Q. My husband and I have a portion of our retirement money invested in variable annuities, one for each of us held in IRA accounts. We have another in a non-qualified joint account. I have read several of your articles dealing with annuities and what a bad investment tool they tend to be. Too bad I didn’t read these articles before we made our purchase.
A. You’ve got several choices. Which one you select will depend on the exact terms of your contract and how long ago you made the variable annuity investment. If you made the investment several years ago, it is likely that the redemption penalty that you face will be less of a factor. A typical variable annuity contract has a redemption penalty of about 8 percent in the first year. The penalty usually declines by 1 percentage point a year, disappearing after the 8th year.
The smaller the penalty, the easier it is to think about moving from the high expense investment to a low expense investment. Suppose, for example, you had held the contract for 5 years and your early redemption penalty would be 3 percent of the accumulated value. According to the Morningstar Principia database for variable annuities, the average cost for variable annuity contracts is 2.05 percent. The expense is divided nearly evenly between expenses for the subaccount expense ratio and what they call the cost of insurance.
You could cut your investment expenses to as little as 0.25 percent (Vanguard Balanced Index fund) or 0.61 percent (Fidelity Puritan) or 0.69 percent (T. Rowe Price Balanced), saving as much as 1.80 percent a year. The lower costs of alternatives would help you recoup the early redemption penalty fairly quickly— less than two years for this example.
By moving within a qualified account, such as an IRA rollover, you’ll retain tax deferral for the qualified account and have no tax consequences. Unless you made the investment long ago there probably won’t be any tax consequences for moving the non-qualified variable annuity account to a regular taxable account because it probably has no tax-deferred gains.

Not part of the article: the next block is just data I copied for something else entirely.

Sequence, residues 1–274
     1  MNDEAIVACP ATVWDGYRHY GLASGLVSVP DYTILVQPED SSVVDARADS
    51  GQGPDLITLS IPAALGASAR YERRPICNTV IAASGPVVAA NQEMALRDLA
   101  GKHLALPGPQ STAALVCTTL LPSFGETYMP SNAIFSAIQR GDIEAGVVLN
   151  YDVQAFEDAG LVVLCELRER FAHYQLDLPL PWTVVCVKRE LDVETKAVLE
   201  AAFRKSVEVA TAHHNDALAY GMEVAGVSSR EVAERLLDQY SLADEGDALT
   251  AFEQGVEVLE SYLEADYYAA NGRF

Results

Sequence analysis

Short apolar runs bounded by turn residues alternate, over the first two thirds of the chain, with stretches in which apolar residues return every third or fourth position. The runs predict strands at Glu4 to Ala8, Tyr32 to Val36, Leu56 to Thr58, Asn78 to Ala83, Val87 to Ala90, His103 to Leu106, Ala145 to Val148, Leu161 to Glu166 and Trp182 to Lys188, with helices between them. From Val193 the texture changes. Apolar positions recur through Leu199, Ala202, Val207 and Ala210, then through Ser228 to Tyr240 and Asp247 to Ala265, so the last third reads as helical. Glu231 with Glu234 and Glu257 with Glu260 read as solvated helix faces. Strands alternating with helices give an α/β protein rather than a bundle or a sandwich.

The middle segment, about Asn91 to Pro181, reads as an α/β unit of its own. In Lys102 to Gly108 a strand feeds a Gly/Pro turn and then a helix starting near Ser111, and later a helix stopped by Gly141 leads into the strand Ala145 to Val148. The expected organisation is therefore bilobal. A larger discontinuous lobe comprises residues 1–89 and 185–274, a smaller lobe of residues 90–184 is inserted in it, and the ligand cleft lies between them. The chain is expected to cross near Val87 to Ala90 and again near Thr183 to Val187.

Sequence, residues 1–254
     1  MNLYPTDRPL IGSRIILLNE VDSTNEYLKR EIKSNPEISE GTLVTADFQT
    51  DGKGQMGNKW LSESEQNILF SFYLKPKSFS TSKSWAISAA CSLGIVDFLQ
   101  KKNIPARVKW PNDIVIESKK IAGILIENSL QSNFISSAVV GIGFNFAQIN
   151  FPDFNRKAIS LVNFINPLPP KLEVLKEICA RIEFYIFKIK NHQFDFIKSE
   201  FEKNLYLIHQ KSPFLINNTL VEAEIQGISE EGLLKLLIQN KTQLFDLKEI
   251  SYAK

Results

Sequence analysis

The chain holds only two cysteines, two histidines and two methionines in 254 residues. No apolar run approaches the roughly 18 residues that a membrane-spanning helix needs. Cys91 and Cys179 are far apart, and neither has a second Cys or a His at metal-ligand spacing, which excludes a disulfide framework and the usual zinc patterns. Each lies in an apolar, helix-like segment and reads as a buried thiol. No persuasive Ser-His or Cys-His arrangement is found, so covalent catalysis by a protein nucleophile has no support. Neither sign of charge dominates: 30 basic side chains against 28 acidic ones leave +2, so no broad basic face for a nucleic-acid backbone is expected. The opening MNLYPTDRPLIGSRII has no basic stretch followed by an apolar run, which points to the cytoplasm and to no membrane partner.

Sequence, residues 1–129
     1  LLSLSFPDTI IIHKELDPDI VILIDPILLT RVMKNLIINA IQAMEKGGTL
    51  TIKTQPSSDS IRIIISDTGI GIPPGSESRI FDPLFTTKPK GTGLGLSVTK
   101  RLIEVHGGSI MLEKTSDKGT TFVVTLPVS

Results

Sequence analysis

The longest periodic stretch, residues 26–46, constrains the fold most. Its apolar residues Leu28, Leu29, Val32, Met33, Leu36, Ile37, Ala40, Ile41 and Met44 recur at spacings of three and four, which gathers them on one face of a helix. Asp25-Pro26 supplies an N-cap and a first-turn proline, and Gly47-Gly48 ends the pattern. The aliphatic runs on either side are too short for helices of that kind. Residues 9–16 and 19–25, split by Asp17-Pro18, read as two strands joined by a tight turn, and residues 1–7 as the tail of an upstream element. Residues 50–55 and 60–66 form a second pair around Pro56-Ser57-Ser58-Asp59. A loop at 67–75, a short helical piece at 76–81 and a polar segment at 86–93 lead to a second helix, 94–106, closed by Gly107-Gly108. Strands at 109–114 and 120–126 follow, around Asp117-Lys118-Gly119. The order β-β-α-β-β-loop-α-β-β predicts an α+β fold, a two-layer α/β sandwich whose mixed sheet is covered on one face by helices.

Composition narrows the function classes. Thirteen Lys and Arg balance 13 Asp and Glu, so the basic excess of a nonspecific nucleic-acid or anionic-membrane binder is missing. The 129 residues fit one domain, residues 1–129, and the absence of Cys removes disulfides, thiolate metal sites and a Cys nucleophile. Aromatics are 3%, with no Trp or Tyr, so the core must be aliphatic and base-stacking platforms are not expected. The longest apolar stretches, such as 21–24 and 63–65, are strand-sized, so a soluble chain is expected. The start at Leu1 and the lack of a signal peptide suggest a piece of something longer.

If it does have tax-deferred gains and you don’t want to pay taxes on them, you can do what is called a 1035 exchange and move from your expensive variable annuity to one of the low cost variable annuities, such as the one sold by Vanguard.
If your husband is in poor health and the value of your contract is below your original investment, your best course of action may be to stand pat. Why? Because the contract will pay a death benefit that restores the value of your contract to the amount of your original investment. Basically, it functions as (expensive) life insurance.
To make this move you will have to avoid the conventional sales commission driven distribution channel. But firms like Fidelity and Vanguard, both of which offer low cost variable annuity accounts, are well equipped to guide you through the process of a 1035 exchange, if that is the route you choose.
The all-in cost of the Vanguard product varies with each subaccount, but the cost of their balanced fund option is a total of 55 basis points, 29 for the insurance and 26 for the fund. That’s 0.55 percent— about a quarter of what the expensive distribution system costs. You can learn more by going to the Vanguard website and clicking on annuities.
The Fidelity product costs more, but it may work for you if you need to visit a physical office and talk with someone face-to-face. The insurance cost of their annuity is 0.35 percent, only 6 basis points more than the Vanguard product. The comparable managed portfolio, however, adds another 84 basis points so the total cost will be about 1.19 percent. Still, it should save you about 1 percentage point a year.
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